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Today’s Earworm

Morning, Campers!

Automotive Rumblings

So, in a few weeks, I’ll have a brand spanking new Subaru Crosstrek. First Japanese car I’ve ever owned. I’ll have to explain that to my great grandfather next time I see him.

I looked at the Forrester and Outback, but would have been waiting almost until April for one to come onto the lot that hasn’t been bought already.

Volkswagen lost out because they didn’t have a Jetta for me to test drive and wouldn’t have one until February, at the earliest.

Toyota lost out because I got snotty responses from both dealerships when I asked about Camry availability over the phone.

Honda lost out because all SEVEN salesmen who responded, repeatedly, to my internet query acted like that girl in high school who was just a little too driven to have a date for the Sadie Hawkins ball. In this market, if you’re that desperate to sell a car, something’s going on there, and I didn’t like the Accord I got as a rental last year enough to go into the dealership to look at them in that climate.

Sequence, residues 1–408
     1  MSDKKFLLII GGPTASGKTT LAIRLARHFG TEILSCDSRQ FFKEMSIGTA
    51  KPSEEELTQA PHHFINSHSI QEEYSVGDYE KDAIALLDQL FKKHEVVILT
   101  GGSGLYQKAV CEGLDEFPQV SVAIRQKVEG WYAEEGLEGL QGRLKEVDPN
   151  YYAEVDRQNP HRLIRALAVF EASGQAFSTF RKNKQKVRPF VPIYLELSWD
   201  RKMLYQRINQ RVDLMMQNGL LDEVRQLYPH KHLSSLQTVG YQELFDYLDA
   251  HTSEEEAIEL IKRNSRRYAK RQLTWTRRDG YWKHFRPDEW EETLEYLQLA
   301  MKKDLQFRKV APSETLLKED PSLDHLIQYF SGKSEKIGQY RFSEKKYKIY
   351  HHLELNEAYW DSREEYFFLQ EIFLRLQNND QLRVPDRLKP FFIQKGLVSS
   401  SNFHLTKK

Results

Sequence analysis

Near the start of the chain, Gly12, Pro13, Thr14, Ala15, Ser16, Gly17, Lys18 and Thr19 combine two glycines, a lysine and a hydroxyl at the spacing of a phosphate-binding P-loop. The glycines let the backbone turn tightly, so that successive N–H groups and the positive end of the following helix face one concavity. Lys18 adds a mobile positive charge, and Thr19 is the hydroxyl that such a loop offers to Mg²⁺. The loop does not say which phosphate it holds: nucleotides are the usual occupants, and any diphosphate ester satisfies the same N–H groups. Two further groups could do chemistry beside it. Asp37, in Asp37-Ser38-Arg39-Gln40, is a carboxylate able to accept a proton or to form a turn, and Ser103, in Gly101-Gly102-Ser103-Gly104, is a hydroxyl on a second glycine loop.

Chevy, Jeep, and Chrysler lost out because I’m not paying what they want for what they have to sell. I also took a peek at Volvo, Audi, and Mercedes, had a good laugh, and closed those webpages.

Ford had first pick, but they don’t make cars anymore. They make Mustangs, trucks, and malformed minivans. I have a truck, can’t fit my kid in the back of a Mustang, and already know how their crossovers look and feel. Plus, all of the reports I’m seeing of Fords getting sold missing parts put me off the brand this time around.